“We will be taking the temperature of the Legislature in the coming weeks to see what proposals arise, and we hope we can be in conversations about a true single-payer commission that builds the necessary building blocks toward getting to that system,” Stephanie Roberson, chief lobbyist for the CNA, told POLITICO Sunday following a joint board meeting in Alabama of the state nurses union and its national organization, the National Nurses United.
The nurses recently splintered from the Healthy California coalition, the driving force behind the 2017 single-payer bill. The nurses wanted to see a new bill this year, while the coalition has pushed for the existing council to tackle a more piecemeal, pragmatic approach.
Though the Nurses Association is still involved at the board level, it is no longer steering the organization.
Sal Rosselli, president of the National Union of Healthcare Workers, said the union is now taking charge of the coalition’s single-payer advocacy effort, and will reorganize it with a new political strategy. Its major focus, he said, is to steer their advocacy for single-payer through the health care council created under Brown.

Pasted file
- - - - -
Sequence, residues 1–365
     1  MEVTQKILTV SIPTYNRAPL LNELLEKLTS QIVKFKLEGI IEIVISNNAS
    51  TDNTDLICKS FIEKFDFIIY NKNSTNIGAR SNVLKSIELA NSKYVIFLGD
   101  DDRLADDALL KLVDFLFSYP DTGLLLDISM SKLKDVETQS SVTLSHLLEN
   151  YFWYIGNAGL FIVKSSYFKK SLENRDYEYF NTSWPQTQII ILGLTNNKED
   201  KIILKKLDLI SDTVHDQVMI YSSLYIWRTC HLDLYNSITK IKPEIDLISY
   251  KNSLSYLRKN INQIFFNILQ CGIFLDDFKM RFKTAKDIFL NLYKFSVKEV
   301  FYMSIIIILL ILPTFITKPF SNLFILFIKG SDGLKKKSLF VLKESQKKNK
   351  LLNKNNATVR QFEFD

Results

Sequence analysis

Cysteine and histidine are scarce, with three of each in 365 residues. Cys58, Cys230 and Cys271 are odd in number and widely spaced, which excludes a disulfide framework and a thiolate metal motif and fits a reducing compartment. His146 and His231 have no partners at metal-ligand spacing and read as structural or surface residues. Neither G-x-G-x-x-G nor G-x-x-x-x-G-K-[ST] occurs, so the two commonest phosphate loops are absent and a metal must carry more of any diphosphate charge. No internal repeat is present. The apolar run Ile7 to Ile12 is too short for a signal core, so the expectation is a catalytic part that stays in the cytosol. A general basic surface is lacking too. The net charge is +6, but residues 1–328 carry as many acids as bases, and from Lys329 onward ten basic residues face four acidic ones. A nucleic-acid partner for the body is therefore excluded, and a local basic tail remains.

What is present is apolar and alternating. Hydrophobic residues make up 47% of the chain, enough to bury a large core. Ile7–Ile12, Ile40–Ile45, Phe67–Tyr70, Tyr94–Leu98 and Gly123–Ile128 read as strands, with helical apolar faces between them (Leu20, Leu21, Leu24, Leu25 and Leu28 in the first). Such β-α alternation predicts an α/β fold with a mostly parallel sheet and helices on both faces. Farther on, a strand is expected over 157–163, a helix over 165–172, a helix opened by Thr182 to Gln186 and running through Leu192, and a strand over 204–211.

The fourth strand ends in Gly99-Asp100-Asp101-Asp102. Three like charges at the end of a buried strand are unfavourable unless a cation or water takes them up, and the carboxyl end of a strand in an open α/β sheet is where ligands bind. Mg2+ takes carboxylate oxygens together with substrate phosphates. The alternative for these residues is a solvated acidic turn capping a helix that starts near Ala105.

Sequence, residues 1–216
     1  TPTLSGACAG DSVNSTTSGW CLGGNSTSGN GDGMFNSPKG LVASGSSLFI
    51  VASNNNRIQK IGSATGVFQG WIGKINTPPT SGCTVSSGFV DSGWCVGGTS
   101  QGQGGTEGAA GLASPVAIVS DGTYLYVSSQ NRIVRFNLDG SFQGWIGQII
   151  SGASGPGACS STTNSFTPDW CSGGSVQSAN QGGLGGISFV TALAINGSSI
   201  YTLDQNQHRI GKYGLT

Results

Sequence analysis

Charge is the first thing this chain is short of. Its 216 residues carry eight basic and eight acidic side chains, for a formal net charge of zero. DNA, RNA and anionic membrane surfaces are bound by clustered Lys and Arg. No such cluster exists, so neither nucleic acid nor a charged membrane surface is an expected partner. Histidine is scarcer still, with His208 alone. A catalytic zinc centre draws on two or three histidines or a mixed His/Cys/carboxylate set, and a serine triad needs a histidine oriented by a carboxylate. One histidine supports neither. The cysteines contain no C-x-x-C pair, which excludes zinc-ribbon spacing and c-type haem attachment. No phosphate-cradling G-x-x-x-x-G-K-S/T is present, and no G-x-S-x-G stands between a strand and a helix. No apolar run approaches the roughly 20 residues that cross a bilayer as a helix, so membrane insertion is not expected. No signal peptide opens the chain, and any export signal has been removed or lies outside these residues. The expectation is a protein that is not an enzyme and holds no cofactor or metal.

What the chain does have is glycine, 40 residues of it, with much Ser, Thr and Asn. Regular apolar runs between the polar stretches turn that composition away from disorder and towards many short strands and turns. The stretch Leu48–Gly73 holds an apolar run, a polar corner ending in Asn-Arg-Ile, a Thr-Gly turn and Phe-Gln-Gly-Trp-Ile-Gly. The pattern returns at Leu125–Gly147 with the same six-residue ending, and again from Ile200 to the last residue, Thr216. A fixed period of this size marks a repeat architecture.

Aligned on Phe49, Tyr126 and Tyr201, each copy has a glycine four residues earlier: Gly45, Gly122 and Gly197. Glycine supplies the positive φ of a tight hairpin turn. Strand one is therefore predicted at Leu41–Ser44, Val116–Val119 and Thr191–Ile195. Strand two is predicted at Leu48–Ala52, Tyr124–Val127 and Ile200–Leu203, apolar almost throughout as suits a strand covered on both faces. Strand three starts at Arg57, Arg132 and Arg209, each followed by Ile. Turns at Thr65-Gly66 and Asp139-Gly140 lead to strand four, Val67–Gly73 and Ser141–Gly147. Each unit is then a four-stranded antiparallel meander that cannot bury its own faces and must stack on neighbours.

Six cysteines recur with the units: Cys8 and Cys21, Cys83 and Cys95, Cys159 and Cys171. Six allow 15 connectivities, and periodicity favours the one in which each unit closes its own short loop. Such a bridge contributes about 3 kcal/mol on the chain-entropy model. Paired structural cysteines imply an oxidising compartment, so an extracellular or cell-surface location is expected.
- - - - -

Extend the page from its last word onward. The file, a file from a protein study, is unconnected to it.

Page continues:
Its goal is to “liberate California from the stranglehold of the health insurance companies and the pharmaceutical industry, to end the opaque and exorbitant pricing practices of California’s giant hospital chains and to delivery guaranteed health care to all of our state’s residents,” according to its new mission statement.
“We want to work more constructively to accomplish our goals,” Rosselli said in an interview. “The nurses have a different focus. … I absolutely disagreed with their tactics with the speaker. At times, we weren’t on the same page.”
The Healthy California coalition is looking to expand its reach and power, enlisting more unions and other groups and charging $25,000 per year to join.
“It’s an ask we’re making of organizations that have the resources,” Rosselli said. “We’ll be bigger, represent more people and have more resources to do the actions needed down the road.”